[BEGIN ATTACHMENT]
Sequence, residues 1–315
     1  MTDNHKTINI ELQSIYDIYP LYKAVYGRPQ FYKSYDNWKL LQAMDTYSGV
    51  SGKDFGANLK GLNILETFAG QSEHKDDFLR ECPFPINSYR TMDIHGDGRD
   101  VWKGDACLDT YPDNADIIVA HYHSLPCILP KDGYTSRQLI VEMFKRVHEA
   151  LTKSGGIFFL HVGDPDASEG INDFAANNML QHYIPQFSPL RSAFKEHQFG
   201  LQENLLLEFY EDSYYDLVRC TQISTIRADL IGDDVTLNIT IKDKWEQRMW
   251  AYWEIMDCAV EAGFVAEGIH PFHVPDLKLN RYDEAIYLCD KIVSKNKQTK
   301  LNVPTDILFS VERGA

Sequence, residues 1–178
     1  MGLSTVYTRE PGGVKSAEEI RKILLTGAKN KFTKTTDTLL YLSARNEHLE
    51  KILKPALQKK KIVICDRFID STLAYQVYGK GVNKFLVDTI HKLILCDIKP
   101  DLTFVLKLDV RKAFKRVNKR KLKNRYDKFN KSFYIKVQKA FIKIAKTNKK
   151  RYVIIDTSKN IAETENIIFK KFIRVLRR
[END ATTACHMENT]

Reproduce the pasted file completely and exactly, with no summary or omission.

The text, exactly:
Sequence, residues 1–315
     1  MTDNHKTINI ELQSIYDIYP LYKAVYGRPQ FYKSYDNWKL LQAMDTYSGV
    51  SGKDFGANLK GLNILETFAG QSEHKDDFLR ECPFPINSYR TMDIHGDGRD
   101  VWKGDACLDT YPDNADIIVA HYHSLPCILP KDGYTSRQLI VEMFKRVHEA
   151  LTKSGGIFFL HVGDPDASEG INDFAANNML QHYIPQFSPL RSAFKEHQFG
   201  LQENLLLEFY EDSYYDLVRC TQISTIRADL IGDDVTLNIT IKDKWEQRMW
   251  AYWEIMDCAV EAGFVAEGIH PFHVPDLKLN RYDEAIYLCD KIVSKNKQTK
   301  LNVPTDILFS VERGA

Sequence, residues 1–178
     1  MGLSTVYTRE PGGVKSAEEI RKILLTGAKN KFTKTTDTLL YLSARNEHLE
    51  KILKPALQKK KIVICDRFID STLAYQVYGK GVNKFLVDTI HKLILCDIKP
   101  DLTFVLKLDV RKAFKRVNKR KLKNRYDKFN KSFYIKVQKA FIKIAKTNKK
   151  RYVIIDTSKN IAETENIIFK KFIRVLRR